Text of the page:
How LEDs have changed the world

Over the past decade, LED technologies have been popping up everywhere at an increasing rate. The applications are vast, from OLED displays, automotive, to street lighting, to home accent lighting around a TV. LEDs have become a default choice in many lighting applications, while older technologies like incandescent bulbs are becoming outdated. The lighting industry has been redefined by LED technologies, which only continue to develop, getting better, brighter, and more versatile.

LEDs were first invented in the 1960s by Nick Holonyak Jr. These early generations of LEDs did not have the high-performance of LEDs we know today. Yet they were still marginally better than the previously popular incandescent bulbs. Therefore, they did not gain their popularity and good reputation until much later. In fact, in 2012, LEDs only accounted for less than 1% of sales in the lighting market. But since then, the LED market has been rapidly booming. In 2020, LEDs held 69% of the lighting market share and are projected to make up 95% of the sales by 2025 (reported by Goldman Sachs).

What boosted the focus on LEDs and their wider implementation was government incentives. Government agencies offered financial support and approved mandates to promote greener energy efficiency programs. These new standards drove advancements in the quality and performance of available LED technologies. This shift in focus helped grow the LED market, with more companies and manufacturers entering it. This increased market competition has helped LEDs become more price competitive, ultimately benefitting consumers. Particularly within the last decade semiconductor prices have fallen, making LED solutions more affordable for both home and industrial applications.

LEDs have come a long way from where they first began. In 2022, the LED lighting market was valued at 72.12 billion USD and is anticipated to continue growing up to 230.27 billion by 2032 (The Brainy insights, 2023). Therefore, the determination of manufacturers to continue improving LED technologies is unlikely to slow down.

Why LEDs have superseded older technologies…

Before the popularity of LEDs, incandescent and halogen bulbs ruled the lighting market. These solutions are typically low-cost to implement, hence their popularity. LED solutions have come down in price in recent years, yet they typically still cost more upfront than other bulbs. But LEDs continue to be the preferred choice in many cases. The lower ongoing and running costs of LEDs, more than make up for their higher initial investment.

Unlike incandescent and halogen bulbs, LEDs consume less energy, produce less heat as a by-product, and do not contain filaments that regularly burn out. This means that LEDs are a more reliable light source that offer longer lifetimes and less maintenance costs, as they do not need frequent replacement. Instead of burning out, LEDs may experience ‘lumen depreciation’ whereby the brightness slowly dims over time. But this occurs over a vast number of hours and will be very gradual.

LEDs are a directional light source; they emit light in a specific direction. In comparison, incandescent and traditional CFL lamps emit light and heat in all directions, meaning there is more energy and light wastage. LEDs project light and use energy more efficiently in a multitude of applications. These benefits are further exemplified when secondary optics are applied.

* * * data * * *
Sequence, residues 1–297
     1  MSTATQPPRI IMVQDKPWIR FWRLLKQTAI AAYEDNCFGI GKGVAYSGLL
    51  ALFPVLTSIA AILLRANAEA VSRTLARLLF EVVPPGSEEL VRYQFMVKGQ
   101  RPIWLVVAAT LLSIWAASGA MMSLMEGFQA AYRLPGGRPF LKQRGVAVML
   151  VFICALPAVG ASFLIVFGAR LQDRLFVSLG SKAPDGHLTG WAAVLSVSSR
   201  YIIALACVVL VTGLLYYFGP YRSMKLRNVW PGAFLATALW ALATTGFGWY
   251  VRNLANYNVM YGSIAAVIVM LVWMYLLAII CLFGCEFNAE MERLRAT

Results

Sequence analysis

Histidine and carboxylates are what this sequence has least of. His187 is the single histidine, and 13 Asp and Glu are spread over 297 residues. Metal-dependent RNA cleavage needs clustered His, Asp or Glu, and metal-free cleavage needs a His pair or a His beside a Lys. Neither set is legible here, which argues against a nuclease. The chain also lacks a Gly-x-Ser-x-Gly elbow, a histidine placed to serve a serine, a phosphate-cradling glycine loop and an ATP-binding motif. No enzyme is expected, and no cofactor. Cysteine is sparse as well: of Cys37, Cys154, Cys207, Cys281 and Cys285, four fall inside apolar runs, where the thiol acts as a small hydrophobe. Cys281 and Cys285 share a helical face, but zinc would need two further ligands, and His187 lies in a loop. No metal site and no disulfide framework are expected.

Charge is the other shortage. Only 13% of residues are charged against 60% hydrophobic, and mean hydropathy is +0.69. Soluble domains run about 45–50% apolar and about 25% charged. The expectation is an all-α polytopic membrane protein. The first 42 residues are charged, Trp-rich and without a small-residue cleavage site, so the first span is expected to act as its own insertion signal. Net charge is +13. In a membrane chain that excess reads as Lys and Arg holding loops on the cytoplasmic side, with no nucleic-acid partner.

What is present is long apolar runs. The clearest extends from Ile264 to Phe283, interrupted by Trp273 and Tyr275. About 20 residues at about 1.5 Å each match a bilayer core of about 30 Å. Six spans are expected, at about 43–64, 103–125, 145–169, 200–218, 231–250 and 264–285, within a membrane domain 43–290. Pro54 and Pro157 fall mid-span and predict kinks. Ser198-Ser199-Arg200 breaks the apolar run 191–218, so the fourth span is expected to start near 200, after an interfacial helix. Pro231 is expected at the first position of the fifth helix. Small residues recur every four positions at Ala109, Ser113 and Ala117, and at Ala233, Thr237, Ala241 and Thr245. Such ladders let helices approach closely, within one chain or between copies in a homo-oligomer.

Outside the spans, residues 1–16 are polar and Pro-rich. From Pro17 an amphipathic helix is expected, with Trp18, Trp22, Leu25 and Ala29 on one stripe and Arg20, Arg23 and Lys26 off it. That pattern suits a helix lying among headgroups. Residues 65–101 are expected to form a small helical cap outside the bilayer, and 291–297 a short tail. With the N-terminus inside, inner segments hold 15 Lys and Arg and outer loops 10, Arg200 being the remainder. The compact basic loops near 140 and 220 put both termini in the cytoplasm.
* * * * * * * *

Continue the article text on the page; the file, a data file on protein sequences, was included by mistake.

Innovative LED applications….

Due to the small size of LEDs, their applicability is huge. They enable the implementation of light in useful and unique design concepts to be a reality. Here are just a few:

  • Wearable electronics with addressable LEDs. – Intelligent LED Pixels are a cost-effective and creative way to play with lighting design. Commonly used for DIY maker projects to create some cool effects such as working them into clothes or wearable accessories. These LEDs can also be used in applications like gaming peripherals, ambient TV backlighting, under-counter lighting, and any other general colour accent lighting.
  • Flexible LEDs in foldable smartphones and screens. – For example, researchers at Zhejiang University have created transparent and flexible LED screens, which are manufactured using silver nanowires, improving upon previous manufacturing methods. This new method is more cost-effective and enables a transparent, flexible result.
  • Horticultural LEDs. – Indoor farms can be expensive to set up and run. So, for many growers finding the most cost-effective way to do so is vital. High-pressure sodium lamps (HPS) have been a popular solution in horticultural lighting for years, but now they are being superseded by LEDs. LED grow lights typically offer at least 50,000 hours of sustained light, which could mean up to 15 years of quality indoor growing! LED solutions can also offer more control and intelligence, growers can implement smart LED systems that allow for Wi-Fi-enabled devices to pinpoint exactly what the grow lights do, and when.
  • UV LEDs for sterilisation. – UVC disinfection differs greatly to other disinfection methods that use heat or chemicals. It has a wide range of applications and has become increasingly popular. Since the coronavirus pandemic hit in 2020, as a society, we are more aware of bacteria and more accepting of measures taken to reduce transmission. It can be ideal in medical applications including hospitals and dentistry.
  • Infrared heat detection and security– 3D facial recognition systems such as that on your phone, use near-infrared (NIR) light patterns to detect the user’s facial geometry. Infrared (IR) LEDs are also implemented in security cameras and motion sensors. All humans emit heat, which is detectable through these cameras which can be used for CCTV, automatic number plate recognition, and night vision goggles.

Learn more about how LEDs work here.

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